Chocolate and its component’s effect on cardiovascular disease

Katha Patel, Ronald Ross Watson

Research output: Chapter in Book/Report/Conference proceedingChapter

7 Scopus citations


This review article examines and discusses the advantageous effects of chocolate and its various components on cardiovascular disease. Based on both observational and experimental studies, cocoa consumption is correlated with reduced risk of cardiovascular disease. Complementing this, cocoa consumption is also highly associated with reduced blood pressure, usually accounting for decreases in blood pressure by 3-5mm Hg. A large contributing factor influencing these beneficial cardioprotective effects is chocolate’s many components. For instance, chocolate contains many elements such as lipids, minerals, fiber, theobromine, and most notably flavonoids. Flavonoids are in many different plant-derived foods such as tea, grapes, wine, berries, and cocoa; chocolate is particularly rich in a subclass of flavonoids called flavanols. Usually, the percentage of cacao in chocolate influences the concentration of flavanols present; dark chocolate tends to contain more flavanols than milk chocolate. These flavanols are a highly significant component of cacao as they provide numerous cardiovascular health benefits. They have antihypertensive, antiinflammatory, and antioxidant qualities. The mechanisms of how cocoa consumption actually reduces the risk of cardiovascular disease are not completely known yet; however, many ongoing research studies show that the bioavailability of nitric oxide is significant.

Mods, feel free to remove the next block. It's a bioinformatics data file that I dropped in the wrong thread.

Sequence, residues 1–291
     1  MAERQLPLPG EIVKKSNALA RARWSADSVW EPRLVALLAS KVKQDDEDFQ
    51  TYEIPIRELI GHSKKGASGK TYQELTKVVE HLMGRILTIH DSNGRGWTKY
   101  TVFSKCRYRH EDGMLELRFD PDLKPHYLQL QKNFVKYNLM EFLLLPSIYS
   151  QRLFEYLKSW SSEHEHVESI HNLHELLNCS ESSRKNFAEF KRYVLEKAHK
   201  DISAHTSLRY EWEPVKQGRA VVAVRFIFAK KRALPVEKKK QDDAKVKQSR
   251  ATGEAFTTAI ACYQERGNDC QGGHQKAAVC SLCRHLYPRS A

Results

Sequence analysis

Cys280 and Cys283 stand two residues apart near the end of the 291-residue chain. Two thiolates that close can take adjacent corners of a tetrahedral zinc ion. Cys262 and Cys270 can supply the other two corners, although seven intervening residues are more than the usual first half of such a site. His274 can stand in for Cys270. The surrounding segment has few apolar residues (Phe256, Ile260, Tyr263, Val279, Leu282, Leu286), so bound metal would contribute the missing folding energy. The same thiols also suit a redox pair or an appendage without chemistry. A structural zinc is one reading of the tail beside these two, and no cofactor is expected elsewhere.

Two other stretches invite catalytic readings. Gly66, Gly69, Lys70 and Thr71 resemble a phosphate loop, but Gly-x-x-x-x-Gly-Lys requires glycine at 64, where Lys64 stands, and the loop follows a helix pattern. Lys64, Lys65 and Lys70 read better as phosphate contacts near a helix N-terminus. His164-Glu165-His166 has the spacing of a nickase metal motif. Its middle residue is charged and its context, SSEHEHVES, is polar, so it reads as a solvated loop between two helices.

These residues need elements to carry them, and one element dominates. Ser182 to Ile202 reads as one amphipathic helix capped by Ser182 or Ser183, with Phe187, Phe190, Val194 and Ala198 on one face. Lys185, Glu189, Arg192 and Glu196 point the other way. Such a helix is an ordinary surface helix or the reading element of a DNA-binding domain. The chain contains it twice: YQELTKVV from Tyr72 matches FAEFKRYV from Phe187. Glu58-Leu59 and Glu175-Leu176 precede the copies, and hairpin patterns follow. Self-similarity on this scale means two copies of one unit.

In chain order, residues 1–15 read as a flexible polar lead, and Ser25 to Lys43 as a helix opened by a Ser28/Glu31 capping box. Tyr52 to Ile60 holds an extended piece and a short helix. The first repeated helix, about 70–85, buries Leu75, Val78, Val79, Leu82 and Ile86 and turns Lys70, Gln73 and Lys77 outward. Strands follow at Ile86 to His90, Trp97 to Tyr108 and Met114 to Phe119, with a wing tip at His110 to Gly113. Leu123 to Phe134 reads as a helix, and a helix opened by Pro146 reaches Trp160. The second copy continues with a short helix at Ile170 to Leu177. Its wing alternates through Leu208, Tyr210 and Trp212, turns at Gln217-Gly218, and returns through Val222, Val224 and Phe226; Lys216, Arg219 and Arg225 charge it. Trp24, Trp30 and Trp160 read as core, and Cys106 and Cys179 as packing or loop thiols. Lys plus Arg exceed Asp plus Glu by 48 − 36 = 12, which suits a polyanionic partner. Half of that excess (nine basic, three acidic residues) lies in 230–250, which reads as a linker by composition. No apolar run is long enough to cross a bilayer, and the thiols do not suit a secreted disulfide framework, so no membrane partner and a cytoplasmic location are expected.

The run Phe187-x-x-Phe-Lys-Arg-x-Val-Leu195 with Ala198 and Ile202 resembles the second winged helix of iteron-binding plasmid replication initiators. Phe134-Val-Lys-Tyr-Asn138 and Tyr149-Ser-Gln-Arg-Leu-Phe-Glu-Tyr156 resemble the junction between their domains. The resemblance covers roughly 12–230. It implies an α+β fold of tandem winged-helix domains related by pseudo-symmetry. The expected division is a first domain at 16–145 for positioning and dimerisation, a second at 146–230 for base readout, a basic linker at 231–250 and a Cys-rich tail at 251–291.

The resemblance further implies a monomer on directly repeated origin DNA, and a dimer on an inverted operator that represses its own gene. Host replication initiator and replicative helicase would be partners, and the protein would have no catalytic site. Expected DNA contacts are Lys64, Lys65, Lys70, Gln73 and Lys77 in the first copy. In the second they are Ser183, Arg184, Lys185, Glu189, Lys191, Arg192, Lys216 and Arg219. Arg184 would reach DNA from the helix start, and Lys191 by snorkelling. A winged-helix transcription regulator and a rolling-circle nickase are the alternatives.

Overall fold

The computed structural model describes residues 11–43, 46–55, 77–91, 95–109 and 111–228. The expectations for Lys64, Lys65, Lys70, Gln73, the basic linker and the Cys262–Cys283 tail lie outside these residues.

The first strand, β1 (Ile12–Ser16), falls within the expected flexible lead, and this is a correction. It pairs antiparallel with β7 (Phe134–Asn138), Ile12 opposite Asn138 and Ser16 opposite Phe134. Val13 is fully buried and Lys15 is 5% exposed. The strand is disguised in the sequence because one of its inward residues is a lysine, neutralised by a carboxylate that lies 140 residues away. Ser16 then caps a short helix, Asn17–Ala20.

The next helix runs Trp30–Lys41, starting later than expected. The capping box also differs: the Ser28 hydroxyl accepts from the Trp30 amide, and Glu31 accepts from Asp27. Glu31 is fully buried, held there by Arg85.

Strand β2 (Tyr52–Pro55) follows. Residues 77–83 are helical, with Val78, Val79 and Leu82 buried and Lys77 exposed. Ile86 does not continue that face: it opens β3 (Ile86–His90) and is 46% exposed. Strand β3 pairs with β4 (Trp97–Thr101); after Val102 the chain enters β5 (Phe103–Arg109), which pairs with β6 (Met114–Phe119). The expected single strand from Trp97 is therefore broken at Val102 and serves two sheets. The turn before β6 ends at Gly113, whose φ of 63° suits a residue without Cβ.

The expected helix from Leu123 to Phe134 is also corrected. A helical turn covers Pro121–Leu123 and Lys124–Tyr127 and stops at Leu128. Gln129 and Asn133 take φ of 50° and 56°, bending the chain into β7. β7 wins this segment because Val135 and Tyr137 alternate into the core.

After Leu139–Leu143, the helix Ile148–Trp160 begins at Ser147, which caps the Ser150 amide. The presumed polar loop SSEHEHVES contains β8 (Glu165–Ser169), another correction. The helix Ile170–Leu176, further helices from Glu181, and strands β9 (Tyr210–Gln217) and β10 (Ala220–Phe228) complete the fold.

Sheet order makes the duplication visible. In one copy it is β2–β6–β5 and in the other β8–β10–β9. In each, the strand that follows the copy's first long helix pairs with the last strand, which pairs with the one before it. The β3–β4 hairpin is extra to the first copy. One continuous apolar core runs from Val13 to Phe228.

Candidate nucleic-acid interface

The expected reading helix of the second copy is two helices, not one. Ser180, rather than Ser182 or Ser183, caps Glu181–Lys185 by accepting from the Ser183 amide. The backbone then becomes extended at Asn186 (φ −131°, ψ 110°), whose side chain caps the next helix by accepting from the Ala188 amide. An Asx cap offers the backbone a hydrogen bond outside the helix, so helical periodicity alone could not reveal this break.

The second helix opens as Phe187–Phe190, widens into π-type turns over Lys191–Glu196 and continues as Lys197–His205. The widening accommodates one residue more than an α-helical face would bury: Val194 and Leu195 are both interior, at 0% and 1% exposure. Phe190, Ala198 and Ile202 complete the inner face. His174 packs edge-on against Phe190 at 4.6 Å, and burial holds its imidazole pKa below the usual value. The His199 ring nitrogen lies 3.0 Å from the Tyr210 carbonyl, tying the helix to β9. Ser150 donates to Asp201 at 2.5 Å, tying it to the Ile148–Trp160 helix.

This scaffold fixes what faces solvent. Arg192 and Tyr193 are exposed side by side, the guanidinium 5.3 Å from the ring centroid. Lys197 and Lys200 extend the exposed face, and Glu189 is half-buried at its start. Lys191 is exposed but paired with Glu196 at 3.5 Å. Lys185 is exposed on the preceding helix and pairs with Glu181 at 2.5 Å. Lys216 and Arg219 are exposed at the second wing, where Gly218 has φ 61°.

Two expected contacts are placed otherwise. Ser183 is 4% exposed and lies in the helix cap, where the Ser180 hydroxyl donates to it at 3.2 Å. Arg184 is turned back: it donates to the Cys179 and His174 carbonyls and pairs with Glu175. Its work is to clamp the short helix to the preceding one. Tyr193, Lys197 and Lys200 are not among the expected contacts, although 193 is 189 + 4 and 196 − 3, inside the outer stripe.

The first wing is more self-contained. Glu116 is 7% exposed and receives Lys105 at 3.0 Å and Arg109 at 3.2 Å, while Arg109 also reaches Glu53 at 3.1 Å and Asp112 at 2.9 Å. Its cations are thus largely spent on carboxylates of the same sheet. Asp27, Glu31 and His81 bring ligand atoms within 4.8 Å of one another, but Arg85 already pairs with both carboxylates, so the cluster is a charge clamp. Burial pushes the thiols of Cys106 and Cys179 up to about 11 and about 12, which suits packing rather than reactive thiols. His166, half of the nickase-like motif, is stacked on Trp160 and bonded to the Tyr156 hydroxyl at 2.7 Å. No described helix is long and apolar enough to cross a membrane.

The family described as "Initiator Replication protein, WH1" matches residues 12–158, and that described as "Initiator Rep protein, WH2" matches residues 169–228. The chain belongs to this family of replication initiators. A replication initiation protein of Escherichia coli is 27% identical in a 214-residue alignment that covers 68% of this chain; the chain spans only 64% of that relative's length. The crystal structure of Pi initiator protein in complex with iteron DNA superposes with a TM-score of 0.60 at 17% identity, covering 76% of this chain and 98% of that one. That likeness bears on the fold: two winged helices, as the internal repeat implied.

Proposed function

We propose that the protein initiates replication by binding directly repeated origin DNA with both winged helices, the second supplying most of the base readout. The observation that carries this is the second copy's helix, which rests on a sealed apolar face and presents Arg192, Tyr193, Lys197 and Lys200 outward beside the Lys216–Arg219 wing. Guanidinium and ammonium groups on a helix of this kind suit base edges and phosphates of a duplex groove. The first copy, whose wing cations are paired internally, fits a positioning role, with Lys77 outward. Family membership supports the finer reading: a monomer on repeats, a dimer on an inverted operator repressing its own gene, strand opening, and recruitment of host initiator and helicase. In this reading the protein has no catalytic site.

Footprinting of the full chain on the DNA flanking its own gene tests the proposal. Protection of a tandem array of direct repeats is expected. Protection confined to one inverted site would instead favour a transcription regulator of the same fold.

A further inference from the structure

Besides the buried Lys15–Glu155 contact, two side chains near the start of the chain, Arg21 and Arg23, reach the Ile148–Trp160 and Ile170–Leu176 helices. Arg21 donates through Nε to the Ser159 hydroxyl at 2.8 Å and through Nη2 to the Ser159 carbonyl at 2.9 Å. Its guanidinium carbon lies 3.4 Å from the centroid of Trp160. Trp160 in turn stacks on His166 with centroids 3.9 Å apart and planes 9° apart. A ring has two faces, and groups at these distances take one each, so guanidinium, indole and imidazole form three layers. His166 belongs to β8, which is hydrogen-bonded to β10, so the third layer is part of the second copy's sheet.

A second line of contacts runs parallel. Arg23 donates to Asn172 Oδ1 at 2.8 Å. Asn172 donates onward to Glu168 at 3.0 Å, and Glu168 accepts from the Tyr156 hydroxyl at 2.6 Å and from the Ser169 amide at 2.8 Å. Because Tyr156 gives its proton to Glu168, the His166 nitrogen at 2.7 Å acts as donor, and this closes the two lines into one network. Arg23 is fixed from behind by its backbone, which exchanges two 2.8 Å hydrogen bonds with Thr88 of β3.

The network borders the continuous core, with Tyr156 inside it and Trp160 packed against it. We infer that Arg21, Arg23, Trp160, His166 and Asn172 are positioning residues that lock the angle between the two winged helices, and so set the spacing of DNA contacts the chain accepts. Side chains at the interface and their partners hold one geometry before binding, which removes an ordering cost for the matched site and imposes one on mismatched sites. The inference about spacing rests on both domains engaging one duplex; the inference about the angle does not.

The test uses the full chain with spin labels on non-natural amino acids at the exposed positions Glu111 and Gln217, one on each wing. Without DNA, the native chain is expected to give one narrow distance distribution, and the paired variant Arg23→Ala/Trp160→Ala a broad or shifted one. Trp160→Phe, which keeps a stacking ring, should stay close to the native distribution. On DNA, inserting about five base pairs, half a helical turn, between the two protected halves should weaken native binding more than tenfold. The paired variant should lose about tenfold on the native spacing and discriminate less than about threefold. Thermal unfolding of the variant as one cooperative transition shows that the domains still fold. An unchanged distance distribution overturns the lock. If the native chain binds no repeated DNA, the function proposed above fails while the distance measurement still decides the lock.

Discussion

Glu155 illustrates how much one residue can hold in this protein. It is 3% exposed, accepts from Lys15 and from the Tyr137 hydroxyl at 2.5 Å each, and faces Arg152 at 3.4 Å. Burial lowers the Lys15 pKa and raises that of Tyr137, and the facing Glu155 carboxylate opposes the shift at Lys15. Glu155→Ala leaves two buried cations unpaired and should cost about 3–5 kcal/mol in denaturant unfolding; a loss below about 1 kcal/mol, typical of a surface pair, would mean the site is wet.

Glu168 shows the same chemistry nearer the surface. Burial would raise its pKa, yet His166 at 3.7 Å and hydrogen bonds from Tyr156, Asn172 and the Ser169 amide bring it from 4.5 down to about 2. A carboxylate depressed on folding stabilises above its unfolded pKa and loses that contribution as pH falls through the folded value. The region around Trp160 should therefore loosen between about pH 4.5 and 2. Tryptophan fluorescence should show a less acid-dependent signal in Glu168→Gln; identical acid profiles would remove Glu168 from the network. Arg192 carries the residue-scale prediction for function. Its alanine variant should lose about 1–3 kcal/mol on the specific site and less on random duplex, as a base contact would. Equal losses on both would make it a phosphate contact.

Original languageEnglish (US)
Title of host publicationLifestyle in Heart Health and Disease
Number of pages12
ISBN (Electronic)9780128112793
ISBN (Print)9780128112809
StatePublished - Jan 1 2018


  • Blood pressure
  • Cardiovascular disease
  • Chocolate
  • Cocoa
  • Flavanols
  • Nitric oxide
  • Polyphenols

ASJC Scopus subject areas

  • General Health Professions
  • General Medicine


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